Fair Work Commission - how we're different
Find out the difference between the Fair Work Commission and the Fair Work Ombudsman. Find out what the Fair Work Ombudsman and the Fair Work Commission can and can’t do.
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The Fair Work Ombudsman (us) and the Fair Work Commission (the Commission) (previously called Fair Work Australia) are independent government organisations.
They both regulate Australia’s workplace relations system but have different roles.
The Fair Work Ombudsman
We enforce compliance with the Fair Work Act 2009, related legislation, awards and registered agreements. We also help employers and employees by providing advice and education on pay rates and workplace conditions.
See Our role and purpose for more information.
What we can do
- provide reliable and timely information about Australia’s workplace relations system
- educate people about fair work practices, rights and obligations
- resolve workplace issues by promoting and monitoring compliance with suspected breaches of workplace laws, awards and registered agreements
- enforce workplace laws and seek penalties for breaches of workplace laws
- enforce certain orders made by the Fair Work Commission.
What we can’t do
- investigate unfair dismissal and unlawful termination applications
- make changes to the legislation, awards or registered agreements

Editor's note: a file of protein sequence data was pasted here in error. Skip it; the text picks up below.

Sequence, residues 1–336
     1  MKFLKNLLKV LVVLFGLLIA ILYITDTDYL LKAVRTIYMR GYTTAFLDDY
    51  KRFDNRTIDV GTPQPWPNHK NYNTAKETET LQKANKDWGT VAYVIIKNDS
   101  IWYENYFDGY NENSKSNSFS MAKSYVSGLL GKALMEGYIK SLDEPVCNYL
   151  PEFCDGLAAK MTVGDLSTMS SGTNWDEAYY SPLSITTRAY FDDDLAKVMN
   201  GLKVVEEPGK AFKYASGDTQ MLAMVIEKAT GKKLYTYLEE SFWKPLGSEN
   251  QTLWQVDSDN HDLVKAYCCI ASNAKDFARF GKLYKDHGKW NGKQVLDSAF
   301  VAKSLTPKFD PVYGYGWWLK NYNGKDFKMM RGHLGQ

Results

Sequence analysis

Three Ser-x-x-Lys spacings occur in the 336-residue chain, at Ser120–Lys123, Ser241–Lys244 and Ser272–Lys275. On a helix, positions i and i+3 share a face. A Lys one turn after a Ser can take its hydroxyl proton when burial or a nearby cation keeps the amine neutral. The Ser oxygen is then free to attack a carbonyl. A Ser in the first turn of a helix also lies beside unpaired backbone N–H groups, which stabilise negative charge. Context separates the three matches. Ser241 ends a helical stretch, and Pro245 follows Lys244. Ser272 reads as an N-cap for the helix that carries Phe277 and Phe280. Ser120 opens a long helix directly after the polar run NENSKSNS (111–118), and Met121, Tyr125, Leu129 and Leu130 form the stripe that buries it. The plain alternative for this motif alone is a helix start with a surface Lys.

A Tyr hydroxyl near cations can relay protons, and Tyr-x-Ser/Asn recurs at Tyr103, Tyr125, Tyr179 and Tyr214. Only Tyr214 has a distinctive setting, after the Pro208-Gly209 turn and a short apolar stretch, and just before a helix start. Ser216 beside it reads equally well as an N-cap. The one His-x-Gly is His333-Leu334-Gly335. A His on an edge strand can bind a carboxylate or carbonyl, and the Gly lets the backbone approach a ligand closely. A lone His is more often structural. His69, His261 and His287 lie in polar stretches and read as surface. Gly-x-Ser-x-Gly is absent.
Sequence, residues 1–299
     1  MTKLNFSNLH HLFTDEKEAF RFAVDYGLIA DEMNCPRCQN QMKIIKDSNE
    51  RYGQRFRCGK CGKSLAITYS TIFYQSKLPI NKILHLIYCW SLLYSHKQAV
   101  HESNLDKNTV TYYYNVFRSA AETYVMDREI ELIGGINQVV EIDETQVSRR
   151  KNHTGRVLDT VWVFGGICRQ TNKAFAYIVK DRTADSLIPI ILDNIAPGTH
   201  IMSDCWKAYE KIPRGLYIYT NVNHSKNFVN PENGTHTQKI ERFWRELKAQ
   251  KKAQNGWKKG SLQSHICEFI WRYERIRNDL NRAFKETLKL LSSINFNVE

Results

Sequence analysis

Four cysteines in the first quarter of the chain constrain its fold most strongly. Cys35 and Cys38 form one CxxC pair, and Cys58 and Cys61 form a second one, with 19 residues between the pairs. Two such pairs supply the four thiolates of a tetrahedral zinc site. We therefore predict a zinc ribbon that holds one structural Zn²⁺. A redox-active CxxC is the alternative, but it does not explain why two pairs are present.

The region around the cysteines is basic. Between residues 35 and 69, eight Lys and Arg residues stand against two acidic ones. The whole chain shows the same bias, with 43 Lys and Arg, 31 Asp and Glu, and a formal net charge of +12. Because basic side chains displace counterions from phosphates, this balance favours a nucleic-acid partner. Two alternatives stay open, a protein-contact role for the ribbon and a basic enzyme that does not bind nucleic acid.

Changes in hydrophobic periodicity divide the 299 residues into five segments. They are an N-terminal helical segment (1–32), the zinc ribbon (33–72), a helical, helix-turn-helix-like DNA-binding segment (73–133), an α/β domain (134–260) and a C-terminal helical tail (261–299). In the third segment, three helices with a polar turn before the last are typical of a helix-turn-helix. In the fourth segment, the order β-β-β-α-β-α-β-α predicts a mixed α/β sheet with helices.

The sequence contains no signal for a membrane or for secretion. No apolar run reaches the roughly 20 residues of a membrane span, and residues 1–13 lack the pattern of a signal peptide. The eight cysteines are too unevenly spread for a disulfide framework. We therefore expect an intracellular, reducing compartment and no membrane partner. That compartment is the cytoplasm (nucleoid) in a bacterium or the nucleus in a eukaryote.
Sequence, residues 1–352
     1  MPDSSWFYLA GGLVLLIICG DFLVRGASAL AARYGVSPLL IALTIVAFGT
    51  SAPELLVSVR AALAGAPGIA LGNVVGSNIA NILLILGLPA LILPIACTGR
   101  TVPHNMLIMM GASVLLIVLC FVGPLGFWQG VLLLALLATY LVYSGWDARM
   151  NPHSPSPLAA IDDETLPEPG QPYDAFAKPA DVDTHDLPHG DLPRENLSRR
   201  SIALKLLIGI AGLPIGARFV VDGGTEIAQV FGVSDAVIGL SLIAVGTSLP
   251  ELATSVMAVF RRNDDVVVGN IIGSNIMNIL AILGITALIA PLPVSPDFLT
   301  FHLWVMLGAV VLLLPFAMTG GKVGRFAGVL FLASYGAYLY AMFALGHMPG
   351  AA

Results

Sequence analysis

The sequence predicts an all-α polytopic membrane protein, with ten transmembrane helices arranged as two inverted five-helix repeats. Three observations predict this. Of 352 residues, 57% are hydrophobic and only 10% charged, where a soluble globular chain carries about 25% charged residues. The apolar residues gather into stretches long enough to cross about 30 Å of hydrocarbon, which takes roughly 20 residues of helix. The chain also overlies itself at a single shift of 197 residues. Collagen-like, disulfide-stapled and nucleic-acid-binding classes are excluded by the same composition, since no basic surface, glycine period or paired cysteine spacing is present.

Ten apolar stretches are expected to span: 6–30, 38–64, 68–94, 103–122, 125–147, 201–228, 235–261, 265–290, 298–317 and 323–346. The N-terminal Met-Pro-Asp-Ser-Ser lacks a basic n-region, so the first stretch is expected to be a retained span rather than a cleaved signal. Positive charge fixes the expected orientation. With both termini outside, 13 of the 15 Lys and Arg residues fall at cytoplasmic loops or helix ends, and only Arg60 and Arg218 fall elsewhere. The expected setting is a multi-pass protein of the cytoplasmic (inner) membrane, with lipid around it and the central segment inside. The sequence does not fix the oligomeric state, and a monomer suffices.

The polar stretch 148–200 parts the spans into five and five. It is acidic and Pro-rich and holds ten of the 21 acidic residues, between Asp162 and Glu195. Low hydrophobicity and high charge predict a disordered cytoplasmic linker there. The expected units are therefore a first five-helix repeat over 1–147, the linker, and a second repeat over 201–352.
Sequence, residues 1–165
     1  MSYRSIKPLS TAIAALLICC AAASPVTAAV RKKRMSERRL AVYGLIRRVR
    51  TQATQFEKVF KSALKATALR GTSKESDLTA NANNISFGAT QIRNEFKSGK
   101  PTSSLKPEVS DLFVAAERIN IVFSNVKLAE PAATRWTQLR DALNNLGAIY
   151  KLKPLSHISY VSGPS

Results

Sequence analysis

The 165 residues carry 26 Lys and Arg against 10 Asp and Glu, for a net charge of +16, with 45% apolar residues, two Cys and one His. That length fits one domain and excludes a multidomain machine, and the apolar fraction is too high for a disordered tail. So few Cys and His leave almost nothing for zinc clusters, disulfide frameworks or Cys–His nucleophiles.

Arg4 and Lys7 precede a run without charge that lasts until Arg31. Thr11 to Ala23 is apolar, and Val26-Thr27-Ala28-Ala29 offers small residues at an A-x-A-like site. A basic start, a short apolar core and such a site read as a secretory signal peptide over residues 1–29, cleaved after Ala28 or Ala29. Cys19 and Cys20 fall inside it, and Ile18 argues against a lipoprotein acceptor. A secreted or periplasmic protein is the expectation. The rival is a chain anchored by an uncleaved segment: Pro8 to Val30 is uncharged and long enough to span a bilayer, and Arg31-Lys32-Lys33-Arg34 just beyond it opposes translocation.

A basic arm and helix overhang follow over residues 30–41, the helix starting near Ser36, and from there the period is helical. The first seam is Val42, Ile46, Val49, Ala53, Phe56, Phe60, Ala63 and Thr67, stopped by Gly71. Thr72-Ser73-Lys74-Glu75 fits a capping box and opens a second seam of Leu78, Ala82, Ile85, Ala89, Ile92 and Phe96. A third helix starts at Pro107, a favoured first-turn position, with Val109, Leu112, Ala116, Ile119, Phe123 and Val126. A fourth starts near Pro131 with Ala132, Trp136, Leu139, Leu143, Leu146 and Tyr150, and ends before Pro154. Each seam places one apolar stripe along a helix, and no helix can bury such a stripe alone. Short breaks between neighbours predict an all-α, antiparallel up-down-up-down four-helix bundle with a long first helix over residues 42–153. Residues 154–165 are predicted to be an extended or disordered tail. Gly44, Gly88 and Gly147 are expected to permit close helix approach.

- investigate bullying and harassment complaints.
The Fair Work Commission
The Commission is the independent national workplace relations tribunal. It is responsible for maintaining a safety net of minimum wages and employment conditions, as well as a range of other workplace functions and regulation.
What it can do
- help employees and employers bargain in good faith and to make, vary or terminate enterprise agreements
- deal with applications relating to ending employment including unfair dismissal, unlawful termination or general protections
- deal with applications for an order to stop bullying at work
- make orders about industrial action, including strikes, work bans and lock outs
- provide mediation, conciliation and in some cases hold public tribunal hearings to resolve various individual and collective workplace disputes
- make workplace determinations, hear and decide on equal remuneration claims, and deal with applications about transfer of business, stand down, general protections and right of entry disputes.
What it can’t do
- provide advice on entitlements under an award or registered agreements
- enforce minimum pay and award entitlements.
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